Like them or loathe them (and let’s face it, most of us find them intimidating), job interviews are still one of the most effective ways of assessing applicants. The more we learn about human psychology and social science, the more important it becomes to ensure that any interview process is up to date, effective, and inclusive.
This matters not only because a well structured and considered interview makes for a smoother experience for everyone involved – it also helps reduce the chances of hiring the wrong person. Given that a bad hire can cost an organisation over £100K, on average for a mid-level role, it’s crucial to get things right the first time. In addition to the tips below
It’s also important to recognise that a one size fits all approach to interviewing won’t always work. In fact, what we consider as traditional interviews might even be counterproductive in some cases (our interview with Owiwi’s Athina Dova discusses this in relation to interviewing introverts). It is, therefore, crucial to base any interview template around your existing hiring strategy (such as the one we suggest in the JobLookup Ultimate Hiring Guide), and try to personalise the experience as much as possible.
Does this mean you should tailor every interview to each candidate then? Not necessarily, but it does mean the interview process should be flexible, and designed around the kind of candidates you want for the role.
If you’re hiring for a sales job, for example, then a focus on previous results and a few stress questions could be appropriate. If you’re looking for a programmer or developer, adding stress questions into an interview isn’t likely to achieve much. This brings us neatly to our first port of call: What not to do.
Making candidates sweat is a staple of old school thinking, but it generally ends up being a waste of everyone’s time. Your applicant is already certain to be feeling nervous as it is. Piling more pressure on during the interview is unlikely to bring out the best in any candidate, even those used to, or interviewing for, demanding positions.
This brings us to an important second point. It’s crucial to remember that the interview is a two-way process – the candidate will be assessing you and your organisation as well. Being drunk on interview power or abrasive and rude is a sure-fire way to put off the best talent. It’s also why ensuring the whole candidate experience is positive before the interview even starts is fundamental.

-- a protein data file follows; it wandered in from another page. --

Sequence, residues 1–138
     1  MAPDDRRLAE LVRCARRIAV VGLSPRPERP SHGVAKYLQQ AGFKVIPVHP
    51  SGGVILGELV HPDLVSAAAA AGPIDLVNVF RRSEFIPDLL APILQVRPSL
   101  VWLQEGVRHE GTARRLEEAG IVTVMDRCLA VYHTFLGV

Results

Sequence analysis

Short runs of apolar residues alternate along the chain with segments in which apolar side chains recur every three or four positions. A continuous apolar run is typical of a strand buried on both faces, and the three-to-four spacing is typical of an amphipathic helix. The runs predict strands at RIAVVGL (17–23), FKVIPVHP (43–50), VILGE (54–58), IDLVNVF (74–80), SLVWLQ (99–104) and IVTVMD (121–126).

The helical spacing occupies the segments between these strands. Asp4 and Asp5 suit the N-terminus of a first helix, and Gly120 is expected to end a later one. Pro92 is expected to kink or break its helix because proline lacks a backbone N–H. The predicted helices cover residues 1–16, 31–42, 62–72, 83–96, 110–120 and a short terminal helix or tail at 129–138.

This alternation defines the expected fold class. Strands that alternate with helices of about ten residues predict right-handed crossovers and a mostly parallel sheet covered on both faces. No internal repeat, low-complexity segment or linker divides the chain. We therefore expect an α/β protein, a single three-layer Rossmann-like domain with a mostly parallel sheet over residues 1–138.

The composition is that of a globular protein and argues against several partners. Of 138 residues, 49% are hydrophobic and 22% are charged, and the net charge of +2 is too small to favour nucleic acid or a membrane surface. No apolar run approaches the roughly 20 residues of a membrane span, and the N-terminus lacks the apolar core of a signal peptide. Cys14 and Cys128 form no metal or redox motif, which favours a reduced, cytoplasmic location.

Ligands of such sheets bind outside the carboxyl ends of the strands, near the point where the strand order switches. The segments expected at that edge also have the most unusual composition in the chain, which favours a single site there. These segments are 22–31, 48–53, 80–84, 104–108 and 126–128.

Cutting the candidate off when they’re talking, not listening to them when they give answers, or spending the whole interview with your head buried in notes are some other things to avoid at all costs.
Setting up an Excellent Interview
Now you know what not to do, let’s look at some of the best ways to approach interviews.
Set Goals and Benchmarks
First, make sure there’s a complete understanding of what is expected from a successful candidate. Once the skills and traits that match the role have been agreed on, it’s important to set a benchmark interview score.
Decide what the most effective ways are to assess the qualities you’re looking for in a candidate. This is the point where the interview process can be customised to some degree: What kind of tests, if any, do you need to assess skills or experience? What sort of questions will be best for determining important personality traits, culture fit, and experience?
Having a benchmark score means you can then compare applicants fairly, and avoid making any ‘gut instinct’ decisions that may not pay off in the long run.
To give some examples, a role that needs a lot of cutting edge tech skills might require an interview process that focuses more on current skills and tests rather than qualifications. Interviews for senior positions may want to focus more on leadership skills, successful management of projects, and how well candidates will relate to their staff and team.
Candidates often spend a lot of time preparing for an interview, and this is something that the interviewer should reciprocate. Take time to step into the applicants shoes. Read their CV carefully, and chart out their career path.
This gives you plenty of potential topics to talk about with the interviewee to help them feel at ease during the interview process. It also helps provide a better understanding of any special requirements they might have.
Are the candidates neurodiverse, disabled, or have any other special needs, for example? Taking those extra steps to satisfy them will help a candidate feel comfortable, and show that you will be a considerate and supportive employer.